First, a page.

We offer up eight cyber security tips to keep corporate travellers safe in the age of technology.
Almost all corporate travellers rely on WiFi to do work while on the road, be it domestically or internationally. Most simply log on to a free network and then continue browsing webpages or writing emails where they left off without even thinking about how secure the network is. The trouble with doing that, of course, is you are potentially exposing your passwords and other confidential information to hackers around the world.
“Whether you're travelling internationally or domestic, you should always choose the most secure network option available,” says data security expert Roger Grimes.
“Be wary of all free WiFi and Bluetooth connections. Make sure you're connecting only to official WiFi offerings and not fake hacker WiFi access points. Better yet, if you can't be sure you're using the right open WiFi network, use your phone's tethering feature.”
Grimes is a principal security architect at Microsoft, holds more than 40 computer certifications and has authored eight books on computer security. He’s a frequent industry speaker and educator globally. In a recent column for industry journal CSO, he outlined several key things business travellers need to be wary of when it comes to data security on the road.
“These days, all my data is stored in the cloud,” he says. “Before travelling, I delete the local copy after disabling the sync feature, so that there is no data on my laptop in the first place.
“I do all my updates and edits on cloud-based copies when I'm away, and then re-enable the local cache when I return home. Or I use the same method, but take another device that never had the data on it in the first place,” he says.
Major software and computer companies also offer sound advice on what you should do to protect your data when you’re on the road. Here are some top tips from Norton by Symantec.
1. Lock devices down
“Most smart phones, laptops, and tablets come equipped with security settings that will enable you to lock the device using a PIN number or fingerprint ID,” a Norton by Symantec spokesperson says.
“Do this on every available device. While travelling, change the PIN numbers you regularly use.
“In the event that any of your devices have been momentarily misplaced or forgotten, this will be the first line of defense against a security breach.”
2. Be cautious of public wifi
“The laws and regulations that govern cyber security in other countries are typically not going to be the same as those found in the US,” the spokesperson says.
“Free WiFi access can be very appealing for business or leisure travellers but is also particularly vulnerable to security issues. Avoid unencrypted WiFi networks; ask your hotel about its security protocol before connecting to the Web.
“Be extra cautious using Internet cafes and free WiFi hotspots; if you must use them, avoid accessing personal accounts or sensitive data while connected to that network.”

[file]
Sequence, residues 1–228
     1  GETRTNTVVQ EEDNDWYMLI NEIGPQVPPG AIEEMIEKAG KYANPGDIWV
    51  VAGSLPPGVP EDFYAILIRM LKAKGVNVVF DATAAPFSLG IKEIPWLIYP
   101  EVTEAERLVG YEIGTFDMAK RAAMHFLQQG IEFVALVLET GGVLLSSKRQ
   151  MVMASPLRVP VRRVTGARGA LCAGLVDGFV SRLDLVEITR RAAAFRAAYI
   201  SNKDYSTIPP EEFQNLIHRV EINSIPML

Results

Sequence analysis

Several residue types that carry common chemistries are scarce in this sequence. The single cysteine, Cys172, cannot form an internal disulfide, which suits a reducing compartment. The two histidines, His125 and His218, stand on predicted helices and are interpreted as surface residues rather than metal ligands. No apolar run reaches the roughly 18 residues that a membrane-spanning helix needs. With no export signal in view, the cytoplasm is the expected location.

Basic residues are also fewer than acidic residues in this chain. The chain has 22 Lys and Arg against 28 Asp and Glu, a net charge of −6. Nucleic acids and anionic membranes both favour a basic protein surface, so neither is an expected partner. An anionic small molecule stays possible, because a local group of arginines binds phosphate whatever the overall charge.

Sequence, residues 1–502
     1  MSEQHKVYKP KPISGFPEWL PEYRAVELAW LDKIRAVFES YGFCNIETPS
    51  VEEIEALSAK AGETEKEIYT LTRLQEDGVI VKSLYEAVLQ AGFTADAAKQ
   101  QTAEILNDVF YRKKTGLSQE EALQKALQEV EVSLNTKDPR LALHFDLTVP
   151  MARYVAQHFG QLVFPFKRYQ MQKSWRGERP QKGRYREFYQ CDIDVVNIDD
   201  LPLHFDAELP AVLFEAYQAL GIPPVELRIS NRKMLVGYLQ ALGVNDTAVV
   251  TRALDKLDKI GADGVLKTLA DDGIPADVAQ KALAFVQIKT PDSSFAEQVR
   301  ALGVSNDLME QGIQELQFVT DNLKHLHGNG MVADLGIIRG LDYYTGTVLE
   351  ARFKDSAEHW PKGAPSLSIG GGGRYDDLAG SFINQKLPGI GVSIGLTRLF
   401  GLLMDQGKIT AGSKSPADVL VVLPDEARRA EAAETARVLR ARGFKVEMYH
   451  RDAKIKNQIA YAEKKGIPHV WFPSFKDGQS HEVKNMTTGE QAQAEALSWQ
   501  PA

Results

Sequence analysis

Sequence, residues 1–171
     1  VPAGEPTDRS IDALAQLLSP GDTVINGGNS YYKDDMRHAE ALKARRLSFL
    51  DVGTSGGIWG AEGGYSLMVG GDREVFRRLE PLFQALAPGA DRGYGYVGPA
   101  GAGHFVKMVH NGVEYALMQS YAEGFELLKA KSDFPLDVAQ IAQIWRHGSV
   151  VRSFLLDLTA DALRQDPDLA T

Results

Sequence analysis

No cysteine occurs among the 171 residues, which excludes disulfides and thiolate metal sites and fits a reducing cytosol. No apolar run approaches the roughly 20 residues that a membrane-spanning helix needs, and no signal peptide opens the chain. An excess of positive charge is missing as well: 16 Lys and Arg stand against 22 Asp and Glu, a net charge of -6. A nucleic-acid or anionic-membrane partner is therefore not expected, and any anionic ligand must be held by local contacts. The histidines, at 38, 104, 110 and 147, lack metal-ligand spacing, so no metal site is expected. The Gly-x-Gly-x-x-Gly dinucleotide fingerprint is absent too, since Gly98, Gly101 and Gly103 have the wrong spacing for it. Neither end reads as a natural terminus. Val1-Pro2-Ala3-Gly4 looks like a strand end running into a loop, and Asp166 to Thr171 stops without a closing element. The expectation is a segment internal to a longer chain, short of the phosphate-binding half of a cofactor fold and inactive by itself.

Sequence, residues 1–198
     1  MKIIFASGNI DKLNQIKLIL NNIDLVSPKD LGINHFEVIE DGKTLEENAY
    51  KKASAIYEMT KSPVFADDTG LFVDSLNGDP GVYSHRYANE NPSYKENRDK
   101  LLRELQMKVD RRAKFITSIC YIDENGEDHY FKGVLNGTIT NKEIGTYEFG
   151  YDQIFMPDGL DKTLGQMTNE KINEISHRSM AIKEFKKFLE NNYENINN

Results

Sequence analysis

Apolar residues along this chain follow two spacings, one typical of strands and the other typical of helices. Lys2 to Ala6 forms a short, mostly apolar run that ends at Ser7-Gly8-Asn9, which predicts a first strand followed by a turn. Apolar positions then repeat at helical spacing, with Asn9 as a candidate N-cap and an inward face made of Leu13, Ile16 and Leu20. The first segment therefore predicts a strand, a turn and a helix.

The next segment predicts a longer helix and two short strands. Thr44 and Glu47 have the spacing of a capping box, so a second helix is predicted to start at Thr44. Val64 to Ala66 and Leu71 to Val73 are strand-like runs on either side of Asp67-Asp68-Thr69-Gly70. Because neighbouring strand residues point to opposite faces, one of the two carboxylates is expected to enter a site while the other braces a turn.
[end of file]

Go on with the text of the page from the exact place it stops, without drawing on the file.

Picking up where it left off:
3. Disable auto-connect
“Most phones in the US have a setting that allows a device to automatically connect to WiFi networks as you pass through them,” a Norton by Symantec spokesperson says.
“While this is a nice feature when used at home, it’s not something you should allow while traveling abroad. Before you travel, change this setting so that your smartphone and laptop must be manually connected each time you access the Web.”
4. Minimise location sharing
“It’s very common for travellers to update social networking sites as they move about new counties or cities,” a Norton by Symantec spokesperson says. “The problem with this type of excessive sharing is that it creates a security threat at home.
“By signaling your every location, you make it easy for a criminal to determine that you’re not in your hotel room or at your home, leaving your personal belongings within these areas vulnerable to a physical intrusion.
“Limit the information you post online about your specific whereabouts to limit these threats to your personal property.”
5. Install anti-virus protection
Paid Anti-VIrus Protection Software is one of the "easiest and most effective ways you can keep your personal information, as well as company information, secure while travelling,” the spokesperson says.
“In addition to using a trusted brand of security, make sure that you regularly update this software as new versions become available.”
6. Update operating systems
“Just like your anti-virus software, you should keep your operating system as current as possible,” a Norton by Symantec spokesperson says.
“This also goes for apps on your phone; take special care to update apps that you regularly use to conduct financial or personal business.”
7. Update passwords regularly and before travel
“If you plan on travelling, change all of the passwords you regularly use,” the spokesperson says. “Similarly, if you must create a PIN for a safe or security box in a hotel room, make sure it’s unique and not something you commonly use.
“Don’t skimp on password creation either – a numerical sequence is not ideal. “Take the time to create something that will keep a criminal out of your personal property. Once you return home, you can change all the passwords back.”
8. Disable bluetooth connectivity
“Just like your phone’s automatic WiFi connectivity, Bluetooth connectivity can present problems. Bluetooth signals can come from anywhere,” the spokesperson says. “If your Bluetooth is left on, nearby assailants can connect to your phone and potentially hack into your device. Keep Bluetooth disabled as much as possible while abroad.”
In addition to implementing these eight cyber security tips for travellers it’s recommended that you check out the laws and regulations governing cyber security in each country you visit.
“By remaining vigilant during your business travels, you can greatly reduce your risk of suffering a cyber threat,” the spokesperson says.